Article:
CHAMPAIGN, Ill. -- Like aviators in training, honey bees preparing to forage learn their skills in a series of pre-flights to learn the landscape before undertaking new missions, scientists say.
Studying how bees do this has long stymied researchers, because bees fly too far and too fast to watch with the naked eye, and they are too small to wear energy-emitting devices required for radio tracking. But a newly developed radar system, in which bees wear ultra-light reflectors, allowed researchers of the University of Illinois and the University of Greenwich and the Rothamsted Institute in the United Kingdom to track the bees. Their findings appear in the Feb. 3 issue of the journal Nature.
As bees take training flights, they cover an increasingly larger area around their hive. They appear to achieve this greater reconnaissance not by taking longer flights, but by flying faster and faster, the scientists report.
Honeybees live in a social world known for its distinct division of labor based on age-specific tasks. They begin their adult life working inside the hive as sanitation workers and nursemaids, among other roles. They then shift to foraging outside the hive when they're about 3 weeks old.
"Imagine living in the confines of a dark castle for about half your adult life and then having to venture outside into a world full of sunshine to find food to bring home," said Beth Capaldi, lead author and a postdoctoral researcher at the U. of I. "That would be a huge change in your sensory environment, and it would probably take time for you to adjust. That's how it is for the bees."
Capaldi's U. of I. colleagues on the study were Susan Fahrbach and Gene Robinson, professors in the entomology department and neuroscience program.
The scientists were interested in what orientation flights might tell them about how bees learn to navigate -- a highly demanding ability for a creature with a brain the size of a grass seed. The researchers used harmonic radar, a technology developed in 1996 by the Greenwich group to allow individual insects to be tracked in flight. Each bee wears a tiny tag that re-emits a unique harmonic of a particular radio frequency. When the bee flies, the signal can be discriminated from background radar reflections because only the tagged bee responds with the frequency being broadcast in a field.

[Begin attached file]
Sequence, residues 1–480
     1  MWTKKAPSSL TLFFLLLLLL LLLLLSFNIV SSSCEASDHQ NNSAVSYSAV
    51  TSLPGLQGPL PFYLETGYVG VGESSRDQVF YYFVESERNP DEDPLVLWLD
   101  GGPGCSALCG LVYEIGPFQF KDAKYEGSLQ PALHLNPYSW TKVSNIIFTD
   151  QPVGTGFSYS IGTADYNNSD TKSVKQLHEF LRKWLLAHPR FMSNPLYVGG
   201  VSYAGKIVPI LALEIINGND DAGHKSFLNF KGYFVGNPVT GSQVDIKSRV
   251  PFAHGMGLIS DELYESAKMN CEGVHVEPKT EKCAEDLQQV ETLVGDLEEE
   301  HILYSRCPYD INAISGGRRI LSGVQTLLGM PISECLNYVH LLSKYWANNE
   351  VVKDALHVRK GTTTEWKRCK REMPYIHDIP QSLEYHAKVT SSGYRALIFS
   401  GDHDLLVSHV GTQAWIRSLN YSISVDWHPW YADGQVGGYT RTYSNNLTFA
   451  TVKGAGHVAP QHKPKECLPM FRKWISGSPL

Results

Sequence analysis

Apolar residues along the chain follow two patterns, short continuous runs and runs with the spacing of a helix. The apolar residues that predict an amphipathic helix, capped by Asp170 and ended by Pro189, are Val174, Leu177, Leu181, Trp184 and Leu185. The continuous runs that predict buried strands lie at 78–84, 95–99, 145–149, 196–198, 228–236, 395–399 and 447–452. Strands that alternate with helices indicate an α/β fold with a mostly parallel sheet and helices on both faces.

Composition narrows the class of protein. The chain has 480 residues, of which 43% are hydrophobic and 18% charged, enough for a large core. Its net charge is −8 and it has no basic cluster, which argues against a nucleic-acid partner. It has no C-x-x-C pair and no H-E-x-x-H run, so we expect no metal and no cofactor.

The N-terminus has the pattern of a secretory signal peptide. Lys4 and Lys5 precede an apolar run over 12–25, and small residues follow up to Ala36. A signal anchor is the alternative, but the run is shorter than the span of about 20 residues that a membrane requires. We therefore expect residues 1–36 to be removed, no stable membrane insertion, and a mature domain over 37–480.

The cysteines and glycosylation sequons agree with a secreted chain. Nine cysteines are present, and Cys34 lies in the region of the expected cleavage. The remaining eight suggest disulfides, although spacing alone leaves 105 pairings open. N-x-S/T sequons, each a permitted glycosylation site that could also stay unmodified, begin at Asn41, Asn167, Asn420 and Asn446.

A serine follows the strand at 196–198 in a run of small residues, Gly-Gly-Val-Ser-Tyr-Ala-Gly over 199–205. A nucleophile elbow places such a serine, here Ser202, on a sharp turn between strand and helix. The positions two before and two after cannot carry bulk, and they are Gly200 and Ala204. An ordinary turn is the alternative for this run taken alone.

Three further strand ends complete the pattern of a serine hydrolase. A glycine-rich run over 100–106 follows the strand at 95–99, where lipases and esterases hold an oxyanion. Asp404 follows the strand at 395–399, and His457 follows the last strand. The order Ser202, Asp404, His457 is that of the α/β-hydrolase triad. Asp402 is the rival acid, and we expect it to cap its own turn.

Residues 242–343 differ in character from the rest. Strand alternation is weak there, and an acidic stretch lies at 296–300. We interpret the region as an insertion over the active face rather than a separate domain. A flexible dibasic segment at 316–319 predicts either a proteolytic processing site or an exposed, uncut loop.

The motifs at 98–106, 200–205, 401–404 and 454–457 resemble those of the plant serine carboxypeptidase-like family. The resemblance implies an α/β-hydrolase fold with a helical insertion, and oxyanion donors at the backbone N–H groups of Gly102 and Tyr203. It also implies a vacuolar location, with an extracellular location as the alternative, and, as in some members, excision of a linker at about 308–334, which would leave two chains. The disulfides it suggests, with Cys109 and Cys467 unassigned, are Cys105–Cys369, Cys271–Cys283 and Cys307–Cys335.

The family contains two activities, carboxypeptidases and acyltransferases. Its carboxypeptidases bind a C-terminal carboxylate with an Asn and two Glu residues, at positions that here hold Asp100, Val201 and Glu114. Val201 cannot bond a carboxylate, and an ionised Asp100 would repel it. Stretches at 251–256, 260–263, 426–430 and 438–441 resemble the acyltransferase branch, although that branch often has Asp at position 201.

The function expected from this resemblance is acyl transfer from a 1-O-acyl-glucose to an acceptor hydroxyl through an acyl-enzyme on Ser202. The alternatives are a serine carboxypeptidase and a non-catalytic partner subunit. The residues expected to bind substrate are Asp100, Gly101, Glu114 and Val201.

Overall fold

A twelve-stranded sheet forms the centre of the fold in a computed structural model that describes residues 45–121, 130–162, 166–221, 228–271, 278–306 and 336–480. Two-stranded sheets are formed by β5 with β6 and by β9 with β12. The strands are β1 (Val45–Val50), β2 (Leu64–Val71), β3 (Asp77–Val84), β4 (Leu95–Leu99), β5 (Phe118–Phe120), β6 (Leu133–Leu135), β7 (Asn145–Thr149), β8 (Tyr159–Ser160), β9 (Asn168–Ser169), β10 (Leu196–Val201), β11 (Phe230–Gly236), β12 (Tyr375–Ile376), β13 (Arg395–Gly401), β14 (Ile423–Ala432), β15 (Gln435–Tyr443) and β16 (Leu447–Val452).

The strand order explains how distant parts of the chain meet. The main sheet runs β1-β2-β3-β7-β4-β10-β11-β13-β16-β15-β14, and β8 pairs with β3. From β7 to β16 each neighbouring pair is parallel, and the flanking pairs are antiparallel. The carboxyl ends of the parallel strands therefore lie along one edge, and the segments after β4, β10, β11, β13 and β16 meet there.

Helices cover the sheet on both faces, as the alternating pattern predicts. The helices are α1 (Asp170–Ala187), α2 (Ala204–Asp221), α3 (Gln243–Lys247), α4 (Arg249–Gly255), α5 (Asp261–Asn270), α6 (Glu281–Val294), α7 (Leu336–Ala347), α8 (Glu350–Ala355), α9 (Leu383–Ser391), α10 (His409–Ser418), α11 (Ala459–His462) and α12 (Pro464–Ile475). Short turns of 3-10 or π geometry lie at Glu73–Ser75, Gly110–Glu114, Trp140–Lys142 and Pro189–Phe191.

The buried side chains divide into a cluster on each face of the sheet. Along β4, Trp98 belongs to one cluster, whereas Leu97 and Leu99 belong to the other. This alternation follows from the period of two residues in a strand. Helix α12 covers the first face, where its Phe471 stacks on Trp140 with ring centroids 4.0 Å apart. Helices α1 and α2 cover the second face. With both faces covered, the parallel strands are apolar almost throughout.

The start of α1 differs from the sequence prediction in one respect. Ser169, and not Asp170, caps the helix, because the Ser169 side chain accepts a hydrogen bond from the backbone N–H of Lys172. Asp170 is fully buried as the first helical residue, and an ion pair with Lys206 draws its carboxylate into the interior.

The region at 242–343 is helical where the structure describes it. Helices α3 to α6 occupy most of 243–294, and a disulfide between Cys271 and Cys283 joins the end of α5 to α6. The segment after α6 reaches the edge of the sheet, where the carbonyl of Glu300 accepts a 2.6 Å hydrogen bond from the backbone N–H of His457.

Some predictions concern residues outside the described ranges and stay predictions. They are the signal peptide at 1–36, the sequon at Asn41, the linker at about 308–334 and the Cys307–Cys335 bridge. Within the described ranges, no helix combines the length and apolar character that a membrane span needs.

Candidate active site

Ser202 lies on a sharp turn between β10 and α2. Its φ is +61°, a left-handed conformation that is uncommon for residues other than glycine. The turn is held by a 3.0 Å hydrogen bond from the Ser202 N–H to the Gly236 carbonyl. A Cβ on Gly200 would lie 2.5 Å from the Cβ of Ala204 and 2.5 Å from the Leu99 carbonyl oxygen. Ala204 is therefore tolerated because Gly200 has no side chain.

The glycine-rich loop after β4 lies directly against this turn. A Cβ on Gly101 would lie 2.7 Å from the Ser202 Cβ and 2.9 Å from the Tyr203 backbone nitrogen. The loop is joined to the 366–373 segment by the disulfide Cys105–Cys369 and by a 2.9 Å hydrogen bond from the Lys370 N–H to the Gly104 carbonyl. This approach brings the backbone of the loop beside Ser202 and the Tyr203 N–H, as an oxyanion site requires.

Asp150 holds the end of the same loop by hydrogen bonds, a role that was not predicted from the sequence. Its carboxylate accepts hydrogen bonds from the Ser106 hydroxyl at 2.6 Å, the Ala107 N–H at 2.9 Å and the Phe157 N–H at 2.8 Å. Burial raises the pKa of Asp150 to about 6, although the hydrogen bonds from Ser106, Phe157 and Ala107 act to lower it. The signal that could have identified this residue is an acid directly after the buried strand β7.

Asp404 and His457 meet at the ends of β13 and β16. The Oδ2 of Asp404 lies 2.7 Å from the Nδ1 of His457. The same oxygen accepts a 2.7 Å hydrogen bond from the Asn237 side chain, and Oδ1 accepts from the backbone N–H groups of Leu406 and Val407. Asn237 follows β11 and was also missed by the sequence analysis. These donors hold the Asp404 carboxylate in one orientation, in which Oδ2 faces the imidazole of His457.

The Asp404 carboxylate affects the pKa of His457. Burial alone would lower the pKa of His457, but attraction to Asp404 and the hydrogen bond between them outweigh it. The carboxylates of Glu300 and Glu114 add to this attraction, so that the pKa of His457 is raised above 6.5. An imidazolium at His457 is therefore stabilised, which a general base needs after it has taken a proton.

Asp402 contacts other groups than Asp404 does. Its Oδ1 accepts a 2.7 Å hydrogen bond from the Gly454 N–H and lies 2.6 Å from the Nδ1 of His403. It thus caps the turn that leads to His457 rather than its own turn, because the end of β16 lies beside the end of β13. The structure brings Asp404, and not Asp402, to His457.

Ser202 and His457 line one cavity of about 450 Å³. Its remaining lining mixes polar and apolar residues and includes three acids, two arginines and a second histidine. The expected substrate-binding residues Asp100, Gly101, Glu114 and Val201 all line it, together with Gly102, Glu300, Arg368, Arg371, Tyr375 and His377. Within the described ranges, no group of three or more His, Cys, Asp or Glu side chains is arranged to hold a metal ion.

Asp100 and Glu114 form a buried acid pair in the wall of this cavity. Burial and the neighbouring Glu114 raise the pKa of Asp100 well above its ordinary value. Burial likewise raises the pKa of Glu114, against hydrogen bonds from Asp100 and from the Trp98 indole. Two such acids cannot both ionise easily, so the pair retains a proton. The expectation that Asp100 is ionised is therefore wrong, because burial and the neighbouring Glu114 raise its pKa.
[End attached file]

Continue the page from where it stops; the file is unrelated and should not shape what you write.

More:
The findings suggest that orientation flights allow bees in a progressive way to visit different positions and view different, and larger, portions of the landscape around the hive.
The scientists now want to know why -- aviation skill perhaps -- some bees take as few as one while others take up to 17 orientation flights prior to becoming a forager. They also are interested in what happens to the brain during orientation flights.
Among the multiple funding sources for the study were the National Science Foundation, National Institutes of Health, and the Biological Sciences Research Council in the United Kingdom.
The above post is reprinted from materials provided by University Of Illinois At Urbana-Champaign. Note: Materials may be edited for content and length.
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